Beware of Prepaid Card Scams
Lucy Drafton-Lowery, Public Affairs Specialist, D.C. Department of Insurance, Securities and Banking | 7/8/2014, 4:47 p.m.
It never stops – there’s always someone working on new ways to get your cash. Con artists are using the popularity of prepaid cards to prey on unsuspecting victims. Prepaid cards are everywhere from grocery stores to gas stations. This is how they work: They are similar to a debit card except they are not linked to a bank account. Instead you put money on the card, and you can only spend the amount of money you load to the card.
Prepaid cards can be purchased at a bank, online or at convenience stores and major retailers or such as Walmart, Walgreens or Rite-Aid. You can use the card to, for example, buy items online, pay bills or send money to others. Although these cards may be a convenient way to pay for purchases, you need to understand the key terms and conditions before you obtain one. Many prepaid cards have hidden fees with confusing disclosure forms and even worse – they have no regulatory protections like bank accounts and credit cards have.
Once you load money to your prepaid card, protect it like it’s your credit card or cash. Each prepaid card has a bar code and a PIN number that can be used to access the funds on the card. Con artists are finding ways to steal your money by gaining access to these codes or PIN numbers to wipe out your account. This scam is convenient for con artists because these funds are not insured against loss and once the money is gone, it’s untraceable.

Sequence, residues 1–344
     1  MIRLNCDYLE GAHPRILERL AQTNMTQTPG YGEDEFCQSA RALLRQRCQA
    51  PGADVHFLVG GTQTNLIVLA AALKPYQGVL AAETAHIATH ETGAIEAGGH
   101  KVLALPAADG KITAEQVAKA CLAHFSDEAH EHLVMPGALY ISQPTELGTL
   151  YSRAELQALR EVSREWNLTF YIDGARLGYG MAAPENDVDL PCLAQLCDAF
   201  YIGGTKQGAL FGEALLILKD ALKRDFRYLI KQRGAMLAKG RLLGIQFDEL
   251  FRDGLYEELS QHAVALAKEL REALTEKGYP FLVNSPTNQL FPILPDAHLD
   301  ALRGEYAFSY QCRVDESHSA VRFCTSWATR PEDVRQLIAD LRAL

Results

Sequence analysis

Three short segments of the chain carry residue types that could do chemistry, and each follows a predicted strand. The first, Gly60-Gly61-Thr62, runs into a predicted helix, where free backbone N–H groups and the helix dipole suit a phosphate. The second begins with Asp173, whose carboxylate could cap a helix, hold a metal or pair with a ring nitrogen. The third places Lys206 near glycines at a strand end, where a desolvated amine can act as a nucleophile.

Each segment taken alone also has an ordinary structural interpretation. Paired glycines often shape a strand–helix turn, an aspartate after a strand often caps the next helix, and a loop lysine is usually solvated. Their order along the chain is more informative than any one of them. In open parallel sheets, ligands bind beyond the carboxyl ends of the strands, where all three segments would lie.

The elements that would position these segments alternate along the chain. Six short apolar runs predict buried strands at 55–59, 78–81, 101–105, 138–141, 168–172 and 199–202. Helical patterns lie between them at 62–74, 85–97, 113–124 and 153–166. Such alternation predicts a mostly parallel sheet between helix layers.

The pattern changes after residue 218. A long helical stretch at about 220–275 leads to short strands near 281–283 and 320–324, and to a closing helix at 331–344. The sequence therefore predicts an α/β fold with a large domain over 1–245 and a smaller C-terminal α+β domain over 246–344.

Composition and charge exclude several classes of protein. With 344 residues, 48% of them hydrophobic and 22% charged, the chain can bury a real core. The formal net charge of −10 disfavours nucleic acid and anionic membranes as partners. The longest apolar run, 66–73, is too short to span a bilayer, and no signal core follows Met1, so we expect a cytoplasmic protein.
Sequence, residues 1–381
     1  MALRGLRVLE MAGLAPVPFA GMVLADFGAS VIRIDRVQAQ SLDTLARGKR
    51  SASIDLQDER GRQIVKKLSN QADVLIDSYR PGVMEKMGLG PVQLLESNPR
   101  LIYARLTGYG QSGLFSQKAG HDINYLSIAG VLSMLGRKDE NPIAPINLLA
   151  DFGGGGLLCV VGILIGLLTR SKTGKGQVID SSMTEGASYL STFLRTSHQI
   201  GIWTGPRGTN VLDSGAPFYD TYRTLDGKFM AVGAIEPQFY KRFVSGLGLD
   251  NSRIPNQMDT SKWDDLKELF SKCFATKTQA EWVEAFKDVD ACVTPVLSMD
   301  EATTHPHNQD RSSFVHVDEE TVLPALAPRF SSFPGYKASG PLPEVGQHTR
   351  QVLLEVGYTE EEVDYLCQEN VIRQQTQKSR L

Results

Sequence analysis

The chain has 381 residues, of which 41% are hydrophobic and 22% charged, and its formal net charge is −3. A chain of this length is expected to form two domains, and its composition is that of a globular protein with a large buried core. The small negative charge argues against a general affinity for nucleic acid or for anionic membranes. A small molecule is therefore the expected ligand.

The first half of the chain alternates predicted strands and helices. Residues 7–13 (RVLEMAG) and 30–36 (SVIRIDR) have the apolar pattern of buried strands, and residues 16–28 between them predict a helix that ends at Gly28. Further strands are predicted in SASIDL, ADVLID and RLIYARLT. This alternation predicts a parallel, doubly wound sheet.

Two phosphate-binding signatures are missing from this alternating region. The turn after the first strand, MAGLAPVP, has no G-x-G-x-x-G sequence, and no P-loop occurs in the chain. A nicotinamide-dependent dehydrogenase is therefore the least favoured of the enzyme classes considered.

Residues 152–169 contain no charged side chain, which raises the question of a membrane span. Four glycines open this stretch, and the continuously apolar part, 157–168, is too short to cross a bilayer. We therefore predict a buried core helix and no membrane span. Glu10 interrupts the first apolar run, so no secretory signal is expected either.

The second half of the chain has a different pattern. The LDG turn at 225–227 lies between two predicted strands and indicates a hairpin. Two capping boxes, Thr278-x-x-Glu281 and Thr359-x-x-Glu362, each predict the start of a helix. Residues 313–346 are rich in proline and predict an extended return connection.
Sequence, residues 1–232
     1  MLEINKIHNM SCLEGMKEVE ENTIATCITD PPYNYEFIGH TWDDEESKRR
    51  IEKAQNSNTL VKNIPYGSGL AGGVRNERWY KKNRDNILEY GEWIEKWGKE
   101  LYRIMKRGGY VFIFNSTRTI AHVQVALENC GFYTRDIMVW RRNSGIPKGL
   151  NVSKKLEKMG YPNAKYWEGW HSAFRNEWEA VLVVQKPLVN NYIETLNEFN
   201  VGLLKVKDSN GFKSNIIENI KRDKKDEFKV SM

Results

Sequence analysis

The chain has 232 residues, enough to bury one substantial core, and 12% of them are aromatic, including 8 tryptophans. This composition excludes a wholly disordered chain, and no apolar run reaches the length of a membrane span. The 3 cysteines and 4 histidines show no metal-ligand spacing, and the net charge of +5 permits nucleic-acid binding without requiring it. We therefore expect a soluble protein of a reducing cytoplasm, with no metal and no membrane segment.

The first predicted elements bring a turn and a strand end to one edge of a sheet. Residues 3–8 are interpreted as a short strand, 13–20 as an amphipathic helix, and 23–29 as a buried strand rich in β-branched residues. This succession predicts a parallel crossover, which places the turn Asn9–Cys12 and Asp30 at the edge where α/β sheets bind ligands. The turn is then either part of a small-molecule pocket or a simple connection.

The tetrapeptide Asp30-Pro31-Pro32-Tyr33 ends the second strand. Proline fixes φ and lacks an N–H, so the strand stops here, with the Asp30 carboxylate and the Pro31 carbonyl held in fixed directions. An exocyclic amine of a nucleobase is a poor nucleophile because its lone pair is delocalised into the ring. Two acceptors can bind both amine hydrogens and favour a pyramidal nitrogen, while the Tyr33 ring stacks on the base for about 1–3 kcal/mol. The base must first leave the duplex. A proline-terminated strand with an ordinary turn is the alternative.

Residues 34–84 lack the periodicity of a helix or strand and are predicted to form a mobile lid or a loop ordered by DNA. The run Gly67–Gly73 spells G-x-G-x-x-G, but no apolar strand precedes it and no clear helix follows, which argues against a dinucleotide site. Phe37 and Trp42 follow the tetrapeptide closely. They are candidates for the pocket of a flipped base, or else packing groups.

Scams that involve prepaid cards can work in different ways. Here are four prepaid card scams to avoid:
• Cellphone Scam. You are at a checkout counter and an observer is standing over you with his camera phone to snap digital pictures of your name, your card and the expiration date.
Prevention: Be aware of your surroundings. If a person is standing too close that might be an indication they are trying to see or take pictures of your card number and PIN. Ask them to give you some room. When entering your PIN, use your other hand to shield the keyboard.
• Grant Scam. The "grant scam," is a type of advance payment scam in which victims receive what seems to be a grant award check, generally one they did not apply for, with a request that they wire part of the payment back to cover some fictitious fees. The victim is then asked to use their prepaid card and provide them with the bar code information on the back of the card. The rest is history.
Prevention: Whenever someone calls offering you a free grant, never share your card number and hang up if you didn’t apply for the grant in the first place – it’s likely to be a scam.
• Utility Scam. This involves callers claiming to represent utility companies, demanding payment for a past-due balance through a prepaid card, and threatening to disconnect the service if immediate payment is not made.